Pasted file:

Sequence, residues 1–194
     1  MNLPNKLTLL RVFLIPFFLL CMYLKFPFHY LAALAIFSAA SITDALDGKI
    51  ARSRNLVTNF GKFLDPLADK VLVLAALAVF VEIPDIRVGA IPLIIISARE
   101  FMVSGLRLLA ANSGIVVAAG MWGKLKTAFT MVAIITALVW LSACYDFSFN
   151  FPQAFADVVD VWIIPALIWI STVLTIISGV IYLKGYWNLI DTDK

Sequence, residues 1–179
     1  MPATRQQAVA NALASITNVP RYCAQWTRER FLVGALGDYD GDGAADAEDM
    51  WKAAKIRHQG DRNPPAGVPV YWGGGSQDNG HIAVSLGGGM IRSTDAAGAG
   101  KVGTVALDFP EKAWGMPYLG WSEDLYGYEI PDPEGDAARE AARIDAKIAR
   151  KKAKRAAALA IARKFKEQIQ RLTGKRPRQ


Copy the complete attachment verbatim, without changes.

Sequence, residues 1–194
     1  MNLPNKLTLL RVFLIPFFLL CMYLKFPFHY LAALAIFSAA SITDALDGKI
    51  ARSRNLVTNF GKFLDPLADK VLVLAALAVF VEIPDIRVGA IPLIIISARE
   101  FMVSGLRLLA ANSGIVVAAG MWGKLKTAFT MVAIITALVW LSACYDFSFN
   151  FPQAFADVVD VWIIPALIWI STVLTIISGV IYLKGYWNLI DTDK

Sequence, residues 1–179
     1  MPATRQQAVA NALASITNVP RYCAQWTRER FLVGALGDYD GDGAADAEDM
    51  WKAAKIRHQG DRNPPAGVPV YWGGGSQDNG HIAVSLGGGM IRSTDAAGAG
   101  KVGTVALDFP EKAWGMPYLG WSEDLYGYEI PDPEGDAARE AARIDAKIAR
   151  KKAKRAAALA IARKFKEQIQ RLTGKRPRQ